Many tips seen below, please continue reading.

Learn about your child’s life. If your behavior at home isn’t negatively influencing your child, it’s possible their friends or peers are encouraging the bullying behavior. Your child may be struggling to fit in or develop relationships with other . Talk to your child. The more you understand about his or her life, the easier you’ll be able to identify the source of the problem.

Educate your child about bullying. Your child may not understand how hurtful and damaging their behavior can be. Foster empathy and awareness by encouraging your child to look at their actions from the victim’s perspective. Remind your child that bullying and cyberbullying can have serious legal consequences.

Manage stress. Teach your child positive ways to manage stress. Your child’s bullying may be an attempt at relieving stress. Or your own stress, anxiety, or worry may be creating an unstable home environment. Exercising, spending time in nature, or playing with a pet are great ways for both kids and adults to let off steam and relieve tension.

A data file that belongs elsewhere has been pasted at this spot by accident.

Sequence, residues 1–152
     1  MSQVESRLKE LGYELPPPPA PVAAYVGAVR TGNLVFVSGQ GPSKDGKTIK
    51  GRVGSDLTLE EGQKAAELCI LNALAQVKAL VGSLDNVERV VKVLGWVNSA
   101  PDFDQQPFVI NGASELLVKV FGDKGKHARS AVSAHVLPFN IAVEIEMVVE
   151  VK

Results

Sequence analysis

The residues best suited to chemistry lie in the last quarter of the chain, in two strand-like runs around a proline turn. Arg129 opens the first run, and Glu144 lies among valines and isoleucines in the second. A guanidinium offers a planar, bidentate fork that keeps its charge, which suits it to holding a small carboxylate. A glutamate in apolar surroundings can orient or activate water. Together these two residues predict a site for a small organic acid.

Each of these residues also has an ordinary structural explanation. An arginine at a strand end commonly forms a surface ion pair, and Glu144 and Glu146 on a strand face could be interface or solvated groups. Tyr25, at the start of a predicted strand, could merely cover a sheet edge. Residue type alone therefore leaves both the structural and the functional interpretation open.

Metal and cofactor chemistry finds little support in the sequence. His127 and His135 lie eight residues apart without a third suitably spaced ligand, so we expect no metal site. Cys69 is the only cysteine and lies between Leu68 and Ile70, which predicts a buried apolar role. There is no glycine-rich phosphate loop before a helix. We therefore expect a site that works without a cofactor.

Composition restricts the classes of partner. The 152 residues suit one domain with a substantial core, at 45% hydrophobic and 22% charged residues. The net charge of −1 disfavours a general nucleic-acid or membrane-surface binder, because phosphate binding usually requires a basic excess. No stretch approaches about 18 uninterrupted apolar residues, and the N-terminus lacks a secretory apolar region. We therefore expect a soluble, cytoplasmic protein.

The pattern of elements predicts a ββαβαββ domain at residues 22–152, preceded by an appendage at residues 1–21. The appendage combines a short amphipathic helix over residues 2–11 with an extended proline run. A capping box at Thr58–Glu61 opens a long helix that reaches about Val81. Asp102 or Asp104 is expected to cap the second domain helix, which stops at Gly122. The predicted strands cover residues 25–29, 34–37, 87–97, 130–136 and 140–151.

Set limits with technology. Let your child know that you’ll be monitoring their use of computers, tablets, smart phones, email, and text messaging. If necessary, remove access to technology until behavior improves.

Establish consistent rules of behavior. Make sure your child understands your rules and the punishment for breaking them. Children may not think they need discipline, but a lack of boundaries sends a signal that the child is unworthy of the parents’ time, care, and attention.